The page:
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I am inspired to share this recipe in case someone like you is searching for a foolproof technique of cooking the egusi soup. My dear, if you are one of such people, I encourage you to search no further, because this is it. Whenever I crave for a soup I can feel good about eating, I usually end up with something appetizing, hearty, warm, rich and flavorful. If this is the first time you will be trying this egusi soup recipe, then you should be happy to have landed on this page because I have just shared with you a precious recipe you can never grow tired of replicating. Peradventure, you are just pondering or you have spent some time researching exactly what egusi is, then I will grant you the honours of highlighting that egusi is no other thing but melon seeds. Yes, you heard me right. Whatever the case is, egusi is some kind of protein-rich seeds of cucurbitaceous plants such as melon or squash, which after being dried and ground, is used for cooking an African soup cuisine. But if you think you have a better explanation of what egusi is, please don't hesitate to let me know, as I would love to hear a better definition. Well, to cut the long story short, here is a detailed article on what egusi is all about. A post I've previously written details what you need to know about this nature's gift as well as how you can benefit from it.
Irrespective of what exactly egusi is, this egusi soup recipe is delicious, yummy and filling. Ground egusi seeds cooked with assorted meat, dry stockfish, dried catfish, long sweet pepper, onions, chilli habanero pepper, various spices and finished with some fresh spinach leaves. It doesn't get much better than this, and it is so amazing. If you are searching for an easy and rich recipe for your egusi soup, give this recipe a try. A complementing bowl of swallow (fufu, pounded yam) on the side to pair up with this soup is the only other thing you require to finish off this delicious meal. Let's assume that you've ever looked up instructions on how to cook egusi soup, you might have observed that there are so many varying methods. Each method has its own ratio of water to egusi. Of course, I am pretty sure that most of them will yield fantastic pots of egusi soups. Personally, I'm not that picky about this, in as much as the egusi soup is cooked through properly. But there is no doubt that you wouldn't turn back once you adopt this recipe of mine, because it is pretty straightforward and will save you tons of time. I'm sure you know that "time is money".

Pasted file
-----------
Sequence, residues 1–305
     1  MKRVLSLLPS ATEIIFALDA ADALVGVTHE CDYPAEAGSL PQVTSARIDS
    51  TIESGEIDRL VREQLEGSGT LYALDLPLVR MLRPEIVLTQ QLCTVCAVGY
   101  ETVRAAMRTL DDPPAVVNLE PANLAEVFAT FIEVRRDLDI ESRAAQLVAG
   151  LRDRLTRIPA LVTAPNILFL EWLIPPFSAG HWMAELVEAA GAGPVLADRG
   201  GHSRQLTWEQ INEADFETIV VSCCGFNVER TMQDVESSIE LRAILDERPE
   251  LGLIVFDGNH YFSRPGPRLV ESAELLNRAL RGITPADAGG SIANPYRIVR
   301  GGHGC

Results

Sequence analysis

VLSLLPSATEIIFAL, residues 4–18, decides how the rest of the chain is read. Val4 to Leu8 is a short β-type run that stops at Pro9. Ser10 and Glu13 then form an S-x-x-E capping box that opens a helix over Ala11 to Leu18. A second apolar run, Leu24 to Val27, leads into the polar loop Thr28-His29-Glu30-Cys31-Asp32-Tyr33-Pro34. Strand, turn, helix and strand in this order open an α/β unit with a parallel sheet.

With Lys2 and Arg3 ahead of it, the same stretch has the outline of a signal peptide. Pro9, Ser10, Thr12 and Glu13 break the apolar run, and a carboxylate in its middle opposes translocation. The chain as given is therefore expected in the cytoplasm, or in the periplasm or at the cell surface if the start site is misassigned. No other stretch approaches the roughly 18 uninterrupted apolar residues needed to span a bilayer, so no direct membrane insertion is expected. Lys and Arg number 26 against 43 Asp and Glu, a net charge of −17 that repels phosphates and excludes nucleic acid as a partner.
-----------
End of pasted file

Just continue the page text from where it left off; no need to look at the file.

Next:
This recipe yields a perfect pot of egusi soup, so I can have it on hand all week long or months. So I usually apportion the soup into smaller containers, enough to serve my family at a time and then store the containers up in the freezer for whenever we want to eat soup. This method makes it easy and handy for me to just pull out a container of egusi soup from the freezer for either a sumptuous lunch or dinner. There are a few other ways I cook my egusi soup, so if you are interested, feel free to notify me and I'll gladly share it with you. All that this egusi soup recipe actually needs from you is a wee bit of time. Wash the meat and fish, throw them in a pot levelled with water, chop the few vegetables (onions, chilli & sweet pepper), throw them into the pot with the mushrooms, then cook the meat until tender. Then you can now make an egusi paste and add in the pot with a few spices and let them all cook away for another 15-20 minutes. Once the soup has finished cooking, you just need to allow it to cool down a bit for like 3 minutes before adding a few garnishes of green spinach for freshness and a little variation of colour. The purpose of allowing the soup to cool down a bit before letting the vegetables go in is simply to avoid overcooking the vegetables thereby losing the vital nutrients therein. This method also prevents the vegetables from losing their attractive rich greenish colour. While the egusi soup is cooking, you can also make the swallow (fufu, eba etc) alongside. So, once both are ready, you can then plate them up and dig in. Enjoy!
- 3 onions
- 1 dry fish
- 0.75kg tripe
- 1 stock cube
- Salt to taste
- 2 Knorr cubes
- 200g mushrooms
- 2 tbsp red Palm oil
- 2 handfuls Spinach
- 2 cups egusi (ground)
- ½ Habanero yellow pepper
- 1 long red sweet pepper
- 2kg mixed meat (beef, tripe, cow skin)
- Cut, wash and add the meat in a clean pot.
- Add water above the meat level and place the pot on a cooker.
- Peel, wash and cut up one of the onions then chop it together with the habanero pepper.
- Add the chopped onions/pepper into the pot of meat.
- Wash, slice and chop the long red sweet pepper then add into the pot of meat.
- Add the mushrooms, stock cubes and salt to taste.
- Add the stockfish fillets in a clean bowl, add hot water and wash thoroughly.
- Add the washed stockfish in the pot, cover the pot and allow the contents to cook until the meat is tender.
- Peel, wash and cut up the remaining two onions then chop them with a chopper.
- Add the chopped onions into the bowl containing the ground egusi.
- Add salt and a little water into the egusi then mix well to form a thick paste.
- Scoop the egusi paste into the pot of meat in small quantities at a time.
- Add the red palm oil, cover the pot and allow to cook until the egusi is done.
- Add a little water into the soup for a lighter consistency, then stir.
- Turn off the heat, allow the soup to cool down a bit then add the washed spinach leaves.
- Stir the egusi soup and serve it with any swallow of choice e.g. fufu, poundo yam, eba etc.
- Enjoy your meal.
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